With social media dominating our lives and altering the way we experience live music, it’s hard to quench our thirst for internet interaction. Managing to portray an array of Instagram-worthy visual treats as well as showcasing a fitting tribute to the late Mohammad Ali, Coldplay’s show at Manchester’s Etihad Stadium, on June 4th 2016, was a wonderland for the social (media) butterfly.
There’s no doubting Coldplay’s legacy. However, a simple rendition of archaic classics (‘Yellow’, ‘The Scientist’) blended with their new, modern sounds (‘Up&Up’, ‘An Adventure Of A Lifetime’) wasn’t going to cut it on the first night of their residency at the home of Manchester City Football Club, Etihad Stadium. They needed a fairground of gimmicks and a pallet which would cater to all tastes. A stand-out show with no stoppers. Coldplay’s answer to these requests: a smorgasbord of psychedelic visuals, a series of extraordinary confetti showers and of course, a bit of crowd participation.
Before the boys took to the stage however, powerful support act Lianne La Havas and opener, Alessia Cara were the first to face the stadium.
Airing her UK breakthrough track ‘Here’ alongside the summer 2016 soundtracking ‘Wild Things’, Alessia Cara’s stage opening performance was phenomenal. While the crowd were divided – half immersed in the R&B, silky smooth voice of the nineteen year old, while the others were guzzling pints of Strongbow Dark Fruits – the Canadian was solely focused on delivering a performance to remember. Energetic, eccentric and ebbing energy of pure excitement – Alessia Cara delivered an indulging set for the Manchester crowd.
Following in the footsteps of the nineteen year old was one of Britain’s morish voices – none other than Lianne La Havas. Although arguably, the crowd seemed more in-tune with Alessia’s set, Lianne La Havis still managed to pull out the big guns. A stunning vocal accompanied with some wicked stage presence and chirpy anecdotes, Lianne La Havas short but extremely sweet set, which consisted of hits such as ‘Green & Gold’ and ‘Unstoppable’, was a brilliant way to warm up for headliners, Coldplay.
At a sixty-thousand capacity – Etihad is huge. Luckily, the quartet who filled the stadium with the iconic sounds of ‘Clocks’, ‘Lovers In Japan’ and ‘Viva La Vida’, are adored and cherished across the globe – making the idea of filling the venue to capacity, possible.Coldplay entered stage right, to the sounds of a Charlie Chaplin speech, before launching into ‘A Head Full Of Dreams’.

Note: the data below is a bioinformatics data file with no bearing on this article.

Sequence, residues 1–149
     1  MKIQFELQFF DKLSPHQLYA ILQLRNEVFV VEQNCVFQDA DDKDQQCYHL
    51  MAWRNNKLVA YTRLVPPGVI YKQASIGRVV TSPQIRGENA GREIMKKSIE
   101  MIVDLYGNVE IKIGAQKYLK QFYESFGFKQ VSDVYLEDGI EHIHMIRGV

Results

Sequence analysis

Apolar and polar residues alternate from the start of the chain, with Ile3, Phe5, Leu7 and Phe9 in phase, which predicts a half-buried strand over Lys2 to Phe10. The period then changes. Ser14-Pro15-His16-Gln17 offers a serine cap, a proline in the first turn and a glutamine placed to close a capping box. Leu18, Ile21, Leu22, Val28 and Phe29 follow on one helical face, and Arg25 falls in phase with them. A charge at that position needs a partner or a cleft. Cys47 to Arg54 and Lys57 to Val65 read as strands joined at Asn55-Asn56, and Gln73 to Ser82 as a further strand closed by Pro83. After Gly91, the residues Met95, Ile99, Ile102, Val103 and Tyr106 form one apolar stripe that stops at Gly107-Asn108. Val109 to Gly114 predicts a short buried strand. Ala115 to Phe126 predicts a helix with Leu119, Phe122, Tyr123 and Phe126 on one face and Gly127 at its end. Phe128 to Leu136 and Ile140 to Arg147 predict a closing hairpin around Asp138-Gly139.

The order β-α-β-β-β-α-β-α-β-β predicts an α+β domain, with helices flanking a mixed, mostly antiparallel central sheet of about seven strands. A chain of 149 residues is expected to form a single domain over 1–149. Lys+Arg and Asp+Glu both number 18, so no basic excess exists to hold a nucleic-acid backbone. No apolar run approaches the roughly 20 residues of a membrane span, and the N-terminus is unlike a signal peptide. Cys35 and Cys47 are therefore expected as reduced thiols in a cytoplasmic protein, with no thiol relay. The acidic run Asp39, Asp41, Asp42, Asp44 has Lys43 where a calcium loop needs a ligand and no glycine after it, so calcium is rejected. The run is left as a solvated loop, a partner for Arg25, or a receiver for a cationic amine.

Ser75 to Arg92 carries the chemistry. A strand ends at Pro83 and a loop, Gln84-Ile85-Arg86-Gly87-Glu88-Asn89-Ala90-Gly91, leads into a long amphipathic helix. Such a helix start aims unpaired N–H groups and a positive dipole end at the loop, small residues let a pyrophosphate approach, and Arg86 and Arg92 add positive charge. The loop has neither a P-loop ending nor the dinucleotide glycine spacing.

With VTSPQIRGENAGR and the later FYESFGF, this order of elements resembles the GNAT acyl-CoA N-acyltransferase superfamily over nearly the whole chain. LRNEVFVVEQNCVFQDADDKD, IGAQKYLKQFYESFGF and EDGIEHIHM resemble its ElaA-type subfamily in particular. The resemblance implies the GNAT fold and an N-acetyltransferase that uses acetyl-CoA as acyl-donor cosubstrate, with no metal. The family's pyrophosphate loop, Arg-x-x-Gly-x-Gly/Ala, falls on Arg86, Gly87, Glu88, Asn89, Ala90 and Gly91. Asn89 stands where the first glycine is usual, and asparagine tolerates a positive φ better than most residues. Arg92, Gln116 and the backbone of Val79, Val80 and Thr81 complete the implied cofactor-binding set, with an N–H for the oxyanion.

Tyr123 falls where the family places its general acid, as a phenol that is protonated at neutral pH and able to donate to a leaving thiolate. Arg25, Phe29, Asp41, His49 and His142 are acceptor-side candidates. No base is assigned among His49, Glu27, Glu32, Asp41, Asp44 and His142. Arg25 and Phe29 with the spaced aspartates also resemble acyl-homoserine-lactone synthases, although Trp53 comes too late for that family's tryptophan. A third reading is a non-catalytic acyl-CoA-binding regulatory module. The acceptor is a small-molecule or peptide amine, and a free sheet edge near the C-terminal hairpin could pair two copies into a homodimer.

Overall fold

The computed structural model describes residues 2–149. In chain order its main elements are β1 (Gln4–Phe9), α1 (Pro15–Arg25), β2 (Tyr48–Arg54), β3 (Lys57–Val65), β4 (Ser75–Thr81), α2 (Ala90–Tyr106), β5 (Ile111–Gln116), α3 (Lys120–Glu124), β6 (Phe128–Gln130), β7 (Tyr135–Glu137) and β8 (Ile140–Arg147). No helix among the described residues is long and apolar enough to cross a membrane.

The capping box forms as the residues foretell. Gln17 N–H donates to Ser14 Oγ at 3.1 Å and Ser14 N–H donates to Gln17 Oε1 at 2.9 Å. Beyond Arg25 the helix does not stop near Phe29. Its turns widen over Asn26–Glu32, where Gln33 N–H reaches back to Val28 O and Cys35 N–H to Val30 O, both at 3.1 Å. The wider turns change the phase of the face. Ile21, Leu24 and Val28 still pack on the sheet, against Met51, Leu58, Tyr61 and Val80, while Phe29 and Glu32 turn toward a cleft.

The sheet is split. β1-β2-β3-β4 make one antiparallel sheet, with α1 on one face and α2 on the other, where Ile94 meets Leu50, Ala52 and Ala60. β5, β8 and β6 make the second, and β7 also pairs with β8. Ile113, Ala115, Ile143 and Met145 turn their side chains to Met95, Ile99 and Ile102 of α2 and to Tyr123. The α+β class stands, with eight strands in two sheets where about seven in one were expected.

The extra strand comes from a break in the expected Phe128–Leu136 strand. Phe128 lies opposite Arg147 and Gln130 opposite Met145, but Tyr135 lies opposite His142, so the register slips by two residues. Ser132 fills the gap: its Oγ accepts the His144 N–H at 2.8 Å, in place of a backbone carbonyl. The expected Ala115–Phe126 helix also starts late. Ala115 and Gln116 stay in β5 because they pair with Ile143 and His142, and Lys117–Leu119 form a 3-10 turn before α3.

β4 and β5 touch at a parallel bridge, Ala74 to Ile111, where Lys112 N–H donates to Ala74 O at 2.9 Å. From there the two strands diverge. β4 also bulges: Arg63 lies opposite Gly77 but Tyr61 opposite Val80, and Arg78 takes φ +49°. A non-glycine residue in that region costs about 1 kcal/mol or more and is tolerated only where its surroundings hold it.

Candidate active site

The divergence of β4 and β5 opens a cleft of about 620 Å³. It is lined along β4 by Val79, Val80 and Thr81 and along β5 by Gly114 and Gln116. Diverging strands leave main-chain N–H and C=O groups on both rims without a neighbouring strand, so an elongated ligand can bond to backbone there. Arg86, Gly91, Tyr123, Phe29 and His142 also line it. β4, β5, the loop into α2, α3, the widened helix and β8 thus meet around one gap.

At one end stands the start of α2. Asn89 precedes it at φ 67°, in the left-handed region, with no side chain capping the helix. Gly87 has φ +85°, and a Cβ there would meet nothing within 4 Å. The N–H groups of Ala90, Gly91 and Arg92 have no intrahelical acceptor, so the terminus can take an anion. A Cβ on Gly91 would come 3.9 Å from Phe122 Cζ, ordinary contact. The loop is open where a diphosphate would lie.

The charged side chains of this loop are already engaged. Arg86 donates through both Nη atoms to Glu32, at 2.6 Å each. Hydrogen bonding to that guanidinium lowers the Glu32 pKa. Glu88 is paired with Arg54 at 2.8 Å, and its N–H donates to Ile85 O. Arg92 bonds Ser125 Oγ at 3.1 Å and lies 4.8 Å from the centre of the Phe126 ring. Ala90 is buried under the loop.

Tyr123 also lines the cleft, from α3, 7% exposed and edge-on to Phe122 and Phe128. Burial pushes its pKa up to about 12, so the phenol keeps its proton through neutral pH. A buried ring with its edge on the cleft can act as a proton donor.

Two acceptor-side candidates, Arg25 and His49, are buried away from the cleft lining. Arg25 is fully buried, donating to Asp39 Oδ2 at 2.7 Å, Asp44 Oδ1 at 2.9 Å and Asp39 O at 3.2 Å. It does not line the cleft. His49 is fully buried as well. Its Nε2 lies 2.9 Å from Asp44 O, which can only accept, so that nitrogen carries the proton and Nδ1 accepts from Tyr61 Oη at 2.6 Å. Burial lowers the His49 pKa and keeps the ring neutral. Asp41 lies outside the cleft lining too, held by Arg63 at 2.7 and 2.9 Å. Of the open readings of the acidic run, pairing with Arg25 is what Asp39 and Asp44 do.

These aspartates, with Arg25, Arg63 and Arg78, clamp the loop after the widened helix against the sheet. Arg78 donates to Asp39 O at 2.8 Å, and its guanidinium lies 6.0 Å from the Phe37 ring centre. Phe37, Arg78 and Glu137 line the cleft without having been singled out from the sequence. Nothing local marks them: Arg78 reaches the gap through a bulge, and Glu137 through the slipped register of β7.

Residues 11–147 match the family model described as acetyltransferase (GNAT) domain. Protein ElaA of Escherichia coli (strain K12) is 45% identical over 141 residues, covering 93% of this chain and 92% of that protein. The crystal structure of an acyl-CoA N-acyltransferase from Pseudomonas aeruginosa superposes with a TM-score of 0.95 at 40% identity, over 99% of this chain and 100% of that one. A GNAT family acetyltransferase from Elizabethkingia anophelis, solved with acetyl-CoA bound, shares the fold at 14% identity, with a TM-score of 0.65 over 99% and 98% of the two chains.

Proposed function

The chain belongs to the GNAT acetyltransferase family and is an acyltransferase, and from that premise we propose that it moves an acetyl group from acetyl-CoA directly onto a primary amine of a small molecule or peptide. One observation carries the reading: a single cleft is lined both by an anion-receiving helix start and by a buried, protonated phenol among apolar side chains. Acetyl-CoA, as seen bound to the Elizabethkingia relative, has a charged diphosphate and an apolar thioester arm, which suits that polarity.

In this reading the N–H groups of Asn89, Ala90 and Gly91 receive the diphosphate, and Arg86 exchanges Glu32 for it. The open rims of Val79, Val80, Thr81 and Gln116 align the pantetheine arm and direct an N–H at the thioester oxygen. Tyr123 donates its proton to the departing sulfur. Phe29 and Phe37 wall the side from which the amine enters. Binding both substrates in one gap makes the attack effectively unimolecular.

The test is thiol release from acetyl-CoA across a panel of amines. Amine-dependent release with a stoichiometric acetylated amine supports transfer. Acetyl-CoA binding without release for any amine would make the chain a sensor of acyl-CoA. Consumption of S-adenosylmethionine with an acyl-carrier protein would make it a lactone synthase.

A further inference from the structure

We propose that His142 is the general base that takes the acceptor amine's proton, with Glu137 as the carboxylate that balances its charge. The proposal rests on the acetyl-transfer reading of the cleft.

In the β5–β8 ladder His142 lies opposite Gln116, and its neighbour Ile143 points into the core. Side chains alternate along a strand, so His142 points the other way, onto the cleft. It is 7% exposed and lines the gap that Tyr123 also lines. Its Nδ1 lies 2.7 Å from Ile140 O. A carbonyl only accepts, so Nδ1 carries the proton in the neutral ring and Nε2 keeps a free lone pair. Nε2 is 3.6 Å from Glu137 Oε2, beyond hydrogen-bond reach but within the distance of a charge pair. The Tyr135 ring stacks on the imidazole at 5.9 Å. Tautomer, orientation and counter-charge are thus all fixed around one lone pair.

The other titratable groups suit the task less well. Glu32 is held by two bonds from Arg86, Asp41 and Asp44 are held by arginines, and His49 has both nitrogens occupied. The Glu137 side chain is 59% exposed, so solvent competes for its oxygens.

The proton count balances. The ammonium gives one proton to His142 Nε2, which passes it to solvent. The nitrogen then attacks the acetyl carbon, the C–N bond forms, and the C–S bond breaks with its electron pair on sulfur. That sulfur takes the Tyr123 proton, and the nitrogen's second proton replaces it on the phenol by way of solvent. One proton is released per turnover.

Never to be dull, Chris Martin and co. Used a range of visual aids to entice the crowd – including the previously-mentioned Muhammad Ali tribute. A video of the late, inspirational boxer was beamed onto the backing screen, while Coldplay themselves dedicated ‘Everglow’ in a fitting manner. A tribute to the iconic David Bowie was also aired, through a live performance of ‘Heroes’, as well as a snippet Oasis’ ‘Live Forever’, during a rare rendition of early single, ‘See You Soon’.
Keeping up with the times, the social media aspect of Coldplay’s show came alive, due to the extensive usage of confetti cannons – blasting illuminous stars during ‘A Sky Full Of Stars’ (a performance which featured a stage invasion) as well as a song request broadcasted via Instagram. The video depicted a fifteen year old boy, requesting that the band preformed ‘Trouble’, a rarely aired track from their X&Y days. Breaking hearts and making history, Etihad lit up – literally, through the use of the Mylo Xyloto tour bands – Chris Martin made the Manchester lad’s dream come true, as well as seeing tears rolling throughout the crowd.
Closing on ‘Up & Up’, which featured an array of psychedelic, visual treats, which nodded to Tame Impala and Jamie xx album covers, Coldplay vowed that their Etihad show was “the best” they’d ever played. We’ll let Chris Martin off with that white lie, considering their show was spectacular – from beginning to end.